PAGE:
I told my parents what had happened after I’d got through emigration, and asked if they could take up the refund issue with British Airways.
My father spent a good chunk of the morning dialling the wrong toll free number, courtesy the manager who’d given it to me. When he finally got through, he was told I would have to handle it myself. He explained that I was in France, without a phone. He was told I would have to call up and explain that my father was authorised to act on my behalf. And I would have to do it within 24 hours of my flight taking off, and only during the working hours of this toll free helpline.
So, I woke up at 6:30 am, Cannes time, and made an expensive call which wouldn’t connect me to the toll free number, because, guess what, 1800 numbers don’t work even with the country code. British Airways had insisted they would. Of course, they were wrong about that too.
Apparently, an email to the effect that my father was authorised to act on my behalf was not enough. We had to do it all their way – my authorisation had to be channelled through their IVRS. After several hours of my wasting my time, and my father wasting his, British Airways finally agreed to accept my father was indeed my father, if he could tell them my birthday. Yes, my birthday. Because that makes so much more sense than an email authorisation. Because that way, everyone on my Facebook could be my father.
Several days later, I got this email from the Customer Relations division of British Airways:
Dear Ms Krishnan

Thank you very much for contacting us about what happened at the airport.
I am sorry we could not offer you a seat on your journey to London Heathrow.  I do understand why you feel disappointed, as you were not informed about the transit visa at the time you booked your ticket. 

When our own staff ask to see passports and documents, it is first and foremost an identity check.  It is an airline's responsibility to make sure every ticket is being used by the right person - and while we do also look at visas, it is the passenger's responsibility to be sure they have all the right documentation and visa stamps required by the country they're visiting.  

It must have been a very awkward situation for you, and I do sympathise.  For any applicable refund due on your ticket, I would request you to contact your local sales office.  They are better placed than us to help you with your ticket refund.

Thank you again for writing and for giving me the opportunity to respond to your concerns.  I hope you will fly with us again in the not too distant future.

So, here’s someone trying to tell me it was for my own good that his staff refused to let me board the flight. They were kind enough to take on immigration too. Awww. And, like everyone else at British Airways, he knew someone else who was “better placed” to help me.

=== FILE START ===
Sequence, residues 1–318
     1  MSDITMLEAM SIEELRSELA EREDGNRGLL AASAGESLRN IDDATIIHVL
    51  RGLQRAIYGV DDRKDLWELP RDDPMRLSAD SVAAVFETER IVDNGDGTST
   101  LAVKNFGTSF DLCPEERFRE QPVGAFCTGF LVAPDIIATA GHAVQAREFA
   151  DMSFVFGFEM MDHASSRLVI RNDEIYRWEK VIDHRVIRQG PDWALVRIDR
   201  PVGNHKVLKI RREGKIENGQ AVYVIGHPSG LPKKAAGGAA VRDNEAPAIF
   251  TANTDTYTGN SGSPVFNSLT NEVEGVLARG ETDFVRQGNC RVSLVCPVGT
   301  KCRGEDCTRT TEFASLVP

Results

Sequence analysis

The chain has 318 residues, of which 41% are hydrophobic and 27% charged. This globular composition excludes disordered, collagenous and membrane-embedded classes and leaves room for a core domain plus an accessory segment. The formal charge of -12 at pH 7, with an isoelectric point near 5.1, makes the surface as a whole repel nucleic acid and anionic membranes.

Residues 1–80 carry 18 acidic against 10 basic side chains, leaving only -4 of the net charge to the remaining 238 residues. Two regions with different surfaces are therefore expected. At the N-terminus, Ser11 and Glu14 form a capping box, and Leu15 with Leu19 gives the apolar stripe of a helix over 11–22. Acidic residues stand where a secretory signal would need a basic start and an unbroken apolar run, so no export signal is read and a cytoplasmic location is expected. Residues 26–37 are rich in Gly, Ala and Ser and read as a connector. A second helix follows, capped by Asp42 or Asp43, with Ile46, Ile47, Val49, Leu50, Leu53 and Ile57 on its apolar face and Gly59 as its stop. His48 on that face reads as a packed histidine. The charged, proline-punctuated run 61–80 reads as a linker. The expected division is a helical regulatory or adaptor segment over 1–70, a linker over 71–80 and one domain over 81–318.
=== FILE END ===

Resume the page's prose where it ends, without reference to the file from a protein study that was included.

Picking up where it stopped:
Dude, you “hope [I] will fly with [you] again in the not too distant future”? Huh. I would have in the not too distant past if your misinformed desk personnel hadn’t refused to let me board despite my not needing a transit visa. And now, I never will again.
But it doesn’t end there. Several days of desperate calls later, I was told the amount would be refunded to my card in 5-6 weeks. On June 29 – by which time I had also registered on Emirates’ Frequent Flyer scheme – I called to ask why on earth the refund hadn’t come in. A baffled telephone operator told me he would check. Several minutes of being-on-hold-while-particularly-annoying-music-played (seriously, and I thought nails-on-a-blackboard was the worst) later, he told me the transaction would be made in 3-4 working days.
And that was when I lost it.
“Are you telling me you haven’t informed the bank to refund my card in six weeks?”
“Ma’am, I apologise for the inconvenience, but the transaction will be made in 3-4 working days.”
“I heard you the first time. But that means you’ve completely ignored my complaint for a month and a half.”
“Ma’am, I apologise for the inconvenience, but the transaction will be made in 3-4 working days.”
What’s the point, really?
But my credit card statement came in, and the transaction wasn’t reflected. Which means I would need to spend an additional Rs. 60,000 so I made good on the refund.
British Airways insisted they had asked the bank to transfer the funds on 9 July. The bank insisted they had received no such instruction. Several more days of desperate calls and ill-informed executives later, I finally got them to send me an email with details of the transaction.
When the amount was finally reflected, I discovered they’d kept 10 percent of the amount I’d spent on the ticket as “service charge”.
I also discovered I’d been right all along. I had not needed a transit visa, as I was eligible for the ‘Transit without visa’ concession.
And I knew that I would never fly British Airways again. The next time London calls, I’ll take the stopover at DXB, thank you very much.